Some years ago Ranga Myneni and his colleagues at Boston University published a paper in Nature apparently showing a "greening trend" in the boreal regions. The finding was based on satellite observations, and many scientists were sceptical about it because of problems of instrumental "drift" that could possibly make any observed long-term trend unreliable. The Boston team, however, persisted in their efforts to re-analyze the data, taking into account all possible anomalies. The trend would not go away, and it has become clearer with time as new data have come in.
A possible cause was always obvious: weather station records from the North have reported a steady warming (by about 0.4 degree per decade), which is now generally attributed to the increasing greenhouse effect. Warming in the North might be expected to produce "greening". However, it was not trivial to connect the weather station data to the satellite data to find out whether there was a quantitative correlation between the two trends. Although computer-based numerical models of the physical climate have been used for three decades to analyze the possible consequences of increasing greenhouse gas concentrations, comparable global models of ecosystem dynamics are a much more recent development.
Now, a major activity of the Global Ecology research group at MPI-BGC, under the leadership of Prof. Colin Prentice, is the ongoing development of a leading global terrestrial ecosystem model. The model is called LPJ, after the three research groups (led by Prof. Colin Prentice at MPI-BGC, Prof. Wolfgang Cramer at PIK; and Prof. Martin Sykes at Lund University) that participate in the model development consortium. The basic idea of the model is to integrate current knowledge in separate fields (plant physiology and biophysics, terrestrial ecology and hydrology), to simulate the interaction of processes with different time constants (minutes to years), and to use all possible sources of information Page: 1 2 3 4 Related biology news :1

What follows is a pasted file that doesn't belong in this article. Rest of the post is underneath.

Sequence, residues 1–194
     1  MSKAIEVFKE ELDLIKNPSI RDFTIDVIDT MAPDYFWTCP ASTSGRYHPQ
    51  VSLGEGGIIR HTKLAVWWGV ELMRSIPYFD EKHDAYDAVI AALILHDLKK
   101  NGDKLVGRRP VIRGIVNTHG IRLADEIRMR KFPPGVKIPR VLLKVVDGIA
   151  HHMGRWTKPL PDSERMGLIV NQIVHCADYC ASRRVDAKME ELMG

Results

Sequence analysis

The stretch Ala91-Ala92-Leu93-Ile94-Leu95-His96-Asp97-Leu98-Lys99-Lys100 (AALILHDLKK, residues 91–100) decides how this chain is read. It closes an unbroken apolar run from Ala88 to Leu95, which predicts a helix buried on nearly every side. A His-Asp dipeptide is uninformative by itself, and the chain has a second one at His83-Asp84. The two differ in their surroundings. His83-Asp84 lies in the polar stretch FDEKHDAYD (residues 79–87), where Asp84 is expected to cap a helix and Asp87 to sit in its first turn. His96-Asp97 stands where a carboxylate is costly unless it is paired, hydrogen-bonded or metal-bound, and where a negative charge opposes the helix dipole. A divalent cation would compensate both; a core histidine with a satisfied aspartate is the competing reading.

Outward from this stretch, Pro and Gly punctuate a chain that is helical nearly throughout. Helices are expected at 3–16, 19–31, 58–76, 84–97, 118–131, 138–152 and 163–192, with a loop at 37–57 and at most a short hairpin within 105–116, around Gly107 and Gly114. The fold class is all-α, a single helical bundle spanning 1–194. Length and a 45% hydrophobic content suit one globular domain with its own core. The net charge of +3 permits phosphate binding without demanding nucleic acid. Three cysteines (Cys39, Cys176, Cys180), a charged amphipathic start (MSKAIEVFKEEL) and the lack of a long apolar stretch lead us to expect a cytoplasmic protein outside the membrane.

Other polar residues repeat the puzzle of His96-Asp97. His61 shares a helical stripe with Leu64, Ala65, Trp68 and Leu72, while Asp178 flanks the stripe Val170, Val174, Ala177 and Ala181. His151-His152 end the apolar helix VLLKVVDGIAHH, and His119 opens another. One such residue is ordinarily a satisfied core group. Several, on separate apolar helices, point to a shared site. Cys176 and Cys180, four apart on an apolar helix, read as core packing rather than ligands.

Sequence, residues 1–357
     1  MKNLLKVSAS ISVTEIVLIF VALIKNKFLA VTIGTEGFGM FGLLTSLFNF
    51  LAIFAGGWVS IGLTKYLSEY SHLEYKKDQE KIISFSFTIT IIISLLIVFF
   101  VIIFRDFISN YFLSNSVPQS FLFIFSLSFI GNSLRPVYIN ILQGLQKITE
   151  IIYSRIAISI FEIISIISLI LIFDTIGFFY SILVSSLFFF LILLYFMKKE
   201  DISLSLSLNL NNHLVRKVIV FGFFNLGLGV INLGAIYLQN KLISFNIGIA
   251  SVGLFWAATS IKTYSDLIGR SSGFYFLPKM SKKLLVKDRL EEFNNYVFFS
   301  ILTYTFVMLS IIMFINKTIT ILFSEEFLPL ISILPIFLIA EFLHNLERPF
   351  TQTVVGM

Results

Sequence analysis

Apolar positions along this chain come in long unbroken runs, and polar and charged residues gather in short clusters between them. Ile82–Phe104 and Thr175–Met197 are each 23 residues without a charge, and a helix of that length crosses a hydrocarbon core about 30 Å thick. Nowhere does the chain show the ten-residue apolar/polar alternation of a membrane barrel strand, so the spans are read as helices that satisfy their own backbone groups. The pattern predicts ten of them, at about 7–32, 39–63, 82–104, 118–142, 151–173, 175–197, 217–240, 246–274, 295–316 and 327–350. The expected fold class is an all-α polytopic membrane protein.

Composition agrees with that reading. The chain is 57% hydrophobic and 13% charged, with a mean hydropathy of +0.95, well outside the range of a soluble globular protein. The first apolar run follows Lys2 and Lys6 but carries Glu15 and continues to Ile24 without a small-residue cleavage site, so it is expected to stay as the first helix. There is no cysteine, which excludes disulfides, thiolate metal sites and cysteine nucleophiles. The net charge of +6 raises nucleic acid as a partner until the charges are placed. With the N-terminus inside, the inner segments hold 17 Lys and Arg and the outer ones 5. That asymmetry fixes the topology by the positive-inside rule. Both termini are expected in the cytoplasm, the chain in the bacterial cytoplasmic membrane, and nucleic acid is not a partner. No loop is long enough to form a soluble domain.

Contact: I.Colin Prentice
. Climate change plus human pressure caused large mammal extinctions in late Pleistocene2
. New evidence says Earths greatest extinction caused by ancient meteorite3
. Widespread cannibalism may have caused prehistoric prion disease epidemics, Science study suggests4
. Cell density determines extent of damage caused by cigarette smoke exposure5
. Prion disease may be caused by buildup of cellular trash, say Stanford researchers6
. Environmental enrichment reverses learning impairments caused by lead poisoning7
. The effects of human-caused atmospheric changes on tropical forests8
. Widespread amphibian deformities caused by parasite9
. River blindness caused by bacteria, not worms, suggesting antibiotic treatment for the disease, Science researchers say10
. Johns Hopkins researchers find more extensive bone defects caused by bladder exstrophy11
. Studies: Floyd, other major hurricanes of 99 caused significant changes in nations largest lagoonal estuary